It’s no secret that healthcare costs are high. How high? Brace yourself.
The nation’s healthcare spending surpassed $10,345 per person last year, which amounted to $3.35 trillion total. (We’ll give you a minute to pick your jaw up from off of the floor.)
Of the total $3.35 trillion spending projected this year, hospital care accounts for the largest share, about 32 percent. Doctors and other clinicians account for nearly 20 percent. Prescription drugs bought through pharmacies account for about 10 percent.
In the meantime, here’s an interesting fact: even though costs are higher than they’ve ever been, last year there were more insured Americans than in years past. (What a paradox!) This is mostly due to the Affordable Care Act, which requires health insurance — for now.
As a result, more people are currently insured, but a recent survey conducted by the Commonwealth Fund showed that 34 percent of Americans still find it “difficult to impossible” to obtain affordable healthcare. Last year, three in 10 insured adults skipped out on receiving care due to health costs.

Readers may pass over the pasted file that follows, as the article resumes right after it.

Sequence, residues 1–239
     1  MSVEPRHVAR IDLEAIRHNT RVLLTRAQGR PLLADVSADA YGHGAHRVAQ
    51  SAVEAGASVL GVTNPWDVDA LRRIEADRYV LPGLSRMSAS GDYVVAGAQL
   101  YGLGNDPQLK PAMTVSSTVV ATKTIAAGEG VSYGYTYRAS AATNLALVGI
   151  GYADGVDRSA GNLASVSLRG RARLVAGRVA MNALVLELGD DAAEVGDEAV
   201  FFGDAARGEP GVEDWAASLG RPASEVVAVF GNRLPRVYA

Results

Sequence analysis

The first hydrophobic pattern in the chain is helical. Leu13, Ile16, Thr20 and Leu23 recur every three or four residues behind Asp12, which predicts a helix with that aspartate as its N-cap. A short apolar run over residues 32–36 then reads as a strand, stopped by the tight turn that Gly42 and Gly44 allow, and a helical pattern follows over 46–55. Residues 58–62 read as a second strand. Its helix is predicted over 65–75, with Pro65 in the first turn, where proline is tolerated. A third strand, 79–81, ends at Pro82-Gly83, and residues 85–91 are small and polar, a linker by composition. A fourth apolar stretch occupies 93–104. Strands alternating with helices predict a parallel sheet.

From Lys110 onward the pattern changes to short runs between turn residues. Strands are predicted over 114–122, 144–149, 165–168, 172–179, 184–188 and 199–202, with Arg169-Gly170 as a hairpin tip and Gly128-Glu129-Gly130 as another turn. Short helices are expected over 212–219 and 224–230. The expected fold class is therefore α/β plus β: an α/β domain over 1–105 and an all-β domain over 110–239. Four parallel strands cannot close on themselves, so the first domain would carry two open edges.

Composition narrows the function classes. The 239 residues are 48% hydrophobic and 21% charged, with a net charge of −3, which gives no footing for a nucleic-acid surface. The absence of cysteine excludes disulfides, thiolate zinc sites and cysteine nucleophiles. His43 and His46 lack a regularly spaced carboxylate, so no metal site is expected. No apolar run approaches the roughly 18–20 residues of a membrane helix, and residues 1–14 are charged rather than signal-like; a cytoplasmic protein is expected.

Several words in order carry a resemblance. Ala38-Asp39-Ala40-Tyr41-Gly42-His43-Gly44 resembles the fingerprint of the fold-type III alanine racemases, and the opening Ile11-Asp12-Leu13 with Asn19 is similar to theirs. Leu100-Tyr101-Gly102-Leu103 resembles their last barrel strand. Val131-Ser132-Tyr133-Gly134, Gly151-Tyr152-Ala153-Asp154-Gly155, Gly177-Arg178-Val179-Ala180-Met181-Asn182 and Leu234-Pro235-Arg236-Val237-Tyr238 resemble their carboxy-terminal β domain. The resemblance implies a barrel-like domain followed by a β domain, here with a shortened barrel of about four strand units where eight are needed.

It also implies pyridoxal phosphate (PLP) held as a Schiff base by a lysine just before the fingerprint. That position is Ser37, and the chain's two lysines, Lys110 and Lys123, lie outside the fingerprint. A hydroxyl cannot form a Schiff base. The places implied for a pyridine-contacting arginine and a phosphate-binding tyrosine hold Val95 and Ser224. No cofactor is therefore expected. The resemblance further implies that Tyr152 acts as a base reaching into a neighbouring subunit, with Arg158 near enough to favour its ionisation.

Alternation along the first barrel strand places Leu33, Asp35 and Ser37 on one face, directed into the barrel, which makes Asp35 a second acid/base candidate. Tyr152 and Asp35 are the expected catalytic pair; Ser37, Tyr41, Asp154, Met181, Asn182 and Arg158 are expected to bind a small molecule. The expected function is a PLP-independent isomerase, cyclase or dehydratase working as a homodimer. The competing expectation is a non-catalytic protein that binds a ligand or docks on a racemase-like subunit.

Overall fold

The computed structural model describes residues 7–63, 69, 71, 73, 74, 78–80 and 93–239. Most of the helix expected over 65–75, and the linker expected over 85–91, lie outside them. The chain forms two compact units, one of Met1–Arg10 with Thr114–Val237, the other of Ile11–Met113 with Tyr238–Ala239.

The cost of health insurance is a national issue that’s currently in the throes of debate because when it comes to the affordability of care there are about as many opinions as there are ants living in an ant hill. (Translation: so many.) What’s indisputable is that costs are rising — and fast. Since 2005, healthcare inflation has outpaced the consumer price index (a list of price variations for consumer goods) every year except for 2008. What does this mean?
The cost of healthcare is going up faster than nearly else your wallet shells out dollars for. (College tuitions have increased nearly double the rate of healthcare costs over the last 40 years.)
But — there’s something you can do about it. One way to curb these costs is to fight back against state-based mandates that drive up the price of healthcare — for you, your friends, and the guy next door. If you want in, join us.